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How to write a résumé that gets you hired in an uncertain economy

Job interviewFlexibility, adaptability, communication, collaboration, and problem-solving are among the traits hiring managers are seeking.

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  • If you’re job hunting in this shaky economy, your résumé needs to sparkle.
  • Your résumé should highlight your experience and showcase the skills that employers seek.
  • It should also be tailored to the job posting so that the employer can see what you offer.

When you’re job hunting in a softening economy, having a terrific résumé becomes all the more important.

Your résumé needs to tell your prospective employer who you are, what you’ve done, and what you can do in the future. Especially as data suggests there might be increased competition for jobs.

Roughly two-thirds of American workers are considering changing roles this year, according a  LinkedIn survey of more than 2,000 US employees conducted in December. And while the job market  looks strong for now— as of November, there were 1.7 job openings per unemployed person — the overall economic picture remains hazy. Most CEOs are bracing for a downturn amid layoffs in some industries, while other economic data, like job growth, suggests the US could avoid a recession in 2023

Rebecca Pay has built a business — Pay for Precision — helping people write their résumés. She said résumés today should have a touch of personality and tell a clear story about how your experience qualifies you for the position.

“Writing CVs can be tough. That’s why I’ve got a business,” Pay told Insider. “Writing about yourself is the hardest thing.”

Some advice may be intuitive, like brainstorming with colleagues and using concise language when describing your work, Pay said. Other advice is different from what it was five years ago: Pay said most people should keep their résumé formatting simple unless they’re in graphic design or art.

It’s also become more normal to have a break in your résumé — a LinkedIn survey from last March found that nearly half of 7,000 employers considered candidates with career breaks to be an untapped talent pool. 

Insider spoke with career experts about their advice for résumé writing in this uncertain climate. 

1. Try some writing exercises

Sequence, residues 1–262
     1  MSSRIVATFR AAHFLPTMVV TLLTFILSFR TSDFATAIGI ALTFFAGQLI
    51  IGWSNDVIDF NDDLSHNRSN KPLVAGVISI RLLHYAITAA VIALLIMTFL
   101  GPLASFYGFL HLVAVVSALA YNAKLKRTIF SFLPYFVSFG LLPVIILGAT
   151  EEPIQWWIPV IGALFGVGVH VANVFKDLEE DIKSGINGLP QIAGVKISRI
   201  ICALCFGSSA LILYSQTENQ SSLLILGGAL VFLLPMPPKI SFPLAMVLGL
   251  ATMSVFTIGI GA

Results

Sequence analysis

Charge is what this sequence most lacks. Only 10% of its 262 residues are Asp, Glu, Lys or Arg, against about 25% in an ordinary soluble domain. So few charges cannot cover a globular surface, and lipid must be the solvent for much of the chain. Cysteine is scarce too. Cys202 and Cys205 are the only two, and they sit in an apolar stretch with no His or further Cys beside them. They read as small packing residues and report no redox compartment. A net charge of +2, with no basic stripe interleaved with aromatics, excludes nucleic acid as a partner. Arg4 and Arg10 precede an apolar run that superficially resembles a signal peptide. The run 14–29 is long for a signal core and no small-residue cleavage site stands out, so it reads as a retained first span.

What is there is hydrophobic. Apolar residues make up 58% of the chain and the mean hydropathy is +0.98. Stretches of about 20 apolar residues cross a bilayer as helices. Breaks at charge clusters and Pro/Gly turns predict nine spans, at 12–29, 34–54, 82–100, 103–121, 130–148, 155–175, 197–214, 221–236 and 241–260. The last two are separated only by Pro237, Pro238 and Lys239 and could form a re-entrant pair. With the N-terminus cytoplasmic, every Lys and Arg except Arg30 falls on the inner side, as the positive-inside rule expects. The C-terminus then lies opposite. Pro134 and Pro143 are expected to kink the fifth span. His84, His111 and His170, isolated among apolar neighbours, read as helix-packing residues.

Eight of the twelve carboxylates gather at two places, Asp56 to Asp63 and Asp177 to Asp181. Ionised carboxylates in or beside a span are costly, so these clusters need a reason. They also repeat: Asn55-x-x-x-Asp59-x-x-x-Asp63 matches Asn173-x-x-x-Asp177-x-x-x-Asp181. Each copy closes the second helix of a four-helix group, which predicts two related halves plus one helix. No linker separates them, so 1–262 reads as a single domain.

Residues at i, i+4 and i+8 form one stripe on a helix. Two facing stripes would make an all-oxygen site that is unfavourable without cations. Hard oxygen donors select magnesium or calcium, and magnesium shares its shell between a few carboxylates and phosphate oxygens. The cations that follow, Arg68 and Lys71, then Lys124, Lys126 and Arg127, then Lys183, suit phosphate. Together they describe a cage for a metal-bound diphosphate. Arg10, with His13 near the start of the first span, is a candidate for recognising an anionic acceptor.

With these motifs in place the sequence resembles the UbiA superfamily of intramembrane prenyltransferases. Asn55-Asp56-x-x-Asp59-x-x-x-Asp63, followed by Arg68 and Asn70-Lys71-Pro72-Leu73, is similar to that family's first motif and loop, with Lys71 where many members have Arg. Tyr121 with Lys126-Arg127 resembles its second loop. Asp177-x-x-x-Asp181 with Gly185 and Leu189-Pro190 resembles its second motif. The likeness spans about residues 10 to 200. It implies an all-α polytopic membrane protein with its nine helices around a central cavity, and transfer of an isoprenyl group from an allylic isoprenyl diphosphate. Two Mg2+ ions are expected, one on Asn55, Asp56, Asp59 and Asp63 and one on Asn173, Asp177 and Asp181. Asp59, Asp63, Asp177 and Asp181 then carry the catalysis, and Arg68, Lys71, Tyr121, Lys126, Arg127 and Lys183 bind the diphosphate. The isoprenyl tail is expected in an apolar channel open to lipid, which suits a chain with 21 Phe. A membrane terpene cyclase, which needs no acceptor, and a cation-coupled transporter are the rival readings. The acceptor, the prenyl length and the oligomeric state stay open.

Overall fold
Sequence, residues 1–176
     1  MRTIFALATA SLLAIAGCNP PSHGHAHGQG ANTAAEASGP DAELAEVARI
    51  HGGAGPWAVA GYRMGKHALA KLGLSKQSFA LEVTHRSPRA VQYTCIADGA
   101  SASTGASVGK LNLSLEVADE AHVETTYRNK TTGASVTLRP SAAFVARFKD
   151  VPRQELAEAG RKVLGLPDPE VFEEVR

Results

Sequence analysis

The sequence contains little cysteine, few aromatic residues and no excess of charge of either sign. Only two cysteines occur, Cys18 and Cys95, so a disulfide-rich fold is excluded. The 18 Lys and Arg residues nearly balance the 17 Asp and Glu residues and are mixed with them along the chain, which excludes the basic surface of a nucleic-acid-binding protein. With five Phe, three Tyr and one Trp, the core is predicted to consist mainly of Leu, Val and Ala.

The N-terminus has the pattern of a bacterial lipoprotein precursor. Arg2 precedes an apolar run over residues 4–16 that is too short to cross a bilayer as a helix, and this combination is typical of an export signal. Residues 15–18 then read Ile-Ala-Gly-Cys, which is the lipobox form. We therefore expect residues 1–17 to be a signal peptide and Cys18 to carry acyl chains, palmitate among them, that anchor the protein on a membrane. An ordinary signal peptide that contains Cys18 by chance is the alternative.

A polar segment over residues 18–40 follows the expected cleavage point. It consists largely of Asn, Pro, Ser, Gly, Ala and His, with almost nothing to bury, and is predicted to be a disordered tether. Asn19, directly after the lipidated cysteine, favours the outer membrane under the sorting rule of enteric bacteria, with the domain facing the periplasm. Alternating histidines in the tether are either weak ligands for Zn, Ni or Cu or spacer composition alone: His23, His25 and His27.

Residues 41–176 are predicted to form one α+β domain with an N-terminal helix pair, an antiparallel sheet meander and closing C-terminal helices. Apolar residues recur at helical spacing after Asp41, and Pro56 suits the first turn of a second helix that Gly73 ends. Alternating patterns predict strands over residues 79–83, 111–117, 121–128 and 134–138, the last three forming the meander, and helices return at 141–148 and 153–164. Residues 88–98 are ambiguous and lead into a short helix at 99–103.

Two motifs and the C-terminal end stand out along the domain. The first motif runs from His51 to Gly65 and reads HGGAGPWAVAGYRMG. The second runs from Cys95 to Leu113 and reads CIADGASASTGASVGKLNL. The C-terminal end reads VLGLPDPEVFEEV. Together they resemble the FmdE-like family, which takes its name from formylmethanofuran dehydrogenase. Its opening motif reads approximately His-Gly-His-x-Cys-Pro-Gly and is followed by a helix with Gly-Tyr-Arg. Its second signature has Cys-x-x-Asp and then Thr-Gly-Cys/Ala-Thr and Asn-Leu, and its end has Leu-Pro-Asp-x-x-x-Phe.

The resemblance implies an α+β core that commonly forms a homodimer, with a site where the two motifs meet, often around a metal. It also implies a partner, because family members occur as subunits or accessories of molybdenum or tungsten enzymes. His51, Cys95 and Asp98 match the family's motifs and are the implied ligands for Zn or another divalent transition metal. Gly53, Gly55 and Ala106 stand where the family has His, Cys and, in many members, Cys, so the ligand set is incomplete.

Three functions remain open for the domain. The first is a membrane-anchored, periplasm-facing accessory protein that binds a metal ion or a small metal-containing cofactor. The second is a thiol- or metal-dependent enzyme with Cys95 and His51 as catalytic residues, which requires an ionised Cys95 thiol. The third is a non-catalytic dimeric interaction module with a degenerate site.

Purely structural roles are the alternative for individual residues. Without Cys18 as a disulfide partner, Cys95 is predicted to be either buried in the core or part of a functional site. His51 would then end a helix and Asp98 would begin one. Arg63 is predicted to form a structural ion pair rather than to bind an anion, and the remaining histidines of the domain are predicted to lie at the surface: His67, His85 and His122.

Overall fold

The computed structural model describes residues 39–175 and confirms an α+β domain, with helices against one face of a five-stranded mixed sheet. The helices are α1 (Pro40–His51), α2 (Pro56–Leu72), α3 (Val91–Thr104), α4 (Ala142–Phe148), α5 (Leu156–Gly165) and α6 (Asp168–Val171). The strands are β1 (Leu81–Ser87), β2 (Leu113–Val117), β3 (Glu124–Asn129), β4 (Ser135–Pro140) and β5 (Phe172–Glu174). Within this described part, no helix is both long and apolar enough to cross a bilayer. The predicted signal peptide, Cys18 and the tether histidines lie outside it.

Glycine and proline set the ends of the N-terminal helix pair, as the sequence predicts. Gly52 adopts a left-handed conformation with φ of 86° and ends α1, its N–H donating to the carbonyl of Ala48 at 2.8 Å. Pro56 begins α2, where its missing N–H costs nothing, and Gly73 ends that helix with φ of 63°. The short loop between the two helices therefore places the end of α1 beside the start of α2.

Eli Joseph, a faculty member at Columbia University and New York University, takes an unusual approach to résumé writing. In his book, “The Perfect Rejection Résumé,” he helps people document how they failed and what they learned. While you shouldn’t give this to a hiring manager, it’s an exercise in thinking about your experience in a different light. 

Then, switch it up. Write a résumé where you completely praise yourself, jotting down all the personal, professional, and technical things you’re proud of each week. After looking at your experience and skills from these opposite perspectives, you can incorporate lessons from both into the final product.

2. Focus on a summary section

Both Joseph and Pay said the summary section is one of the most critical parts of your résumé. This section, which typically sits at the top of your CV, should be between 100 and 150 words and written in the first person. 

Pay said this was a place to add your voice, instead of being overly formal. This is where you tell a story about how your qualifications equip you for the position you want.

“Work out what you uniquely offer,” Pay said. “Why would they pick you for the job as opposed to someone else?”

3. Update your skills

The types of skills employers look for have changed in recent years. According to a survey last year of 205 recruiters and hiring managers by Zety, an online résumé builder app and career website, soft skills are increasingly important to hiring managers. Teamwork, communication, and time management were among the most in-demand soft skills.

Be specific about how you’ve used your skills in the past, said Joseph. For instance, perhaps you’ve showcased and honed your communication skills with speaking gigs and presentations. 

Technical skills are also important to employers. And artistic skills like writing or design can be worth highlighting to show that you’re well rounded, he said.

“It brightens up your résumé and it lets employers know that you’re productive in an organization,” Joseph said.

4. Tailor your résumé to each posting 

Pay and Joseph agreed that you should change your résumé for each job application. These are often small tweaks in the skills section and the summary, that speak to how your experience would lend itself to the job.

“No application should be the same because no opportunity is the same,” Joseph said. “We need to add some flavor, and the best way to do that is to come up with as many ideas as possible so that you can make changes on the résumé for opportunities in the future.” 

This story originally published on August 9, 2022.

Read the original article on Business Insider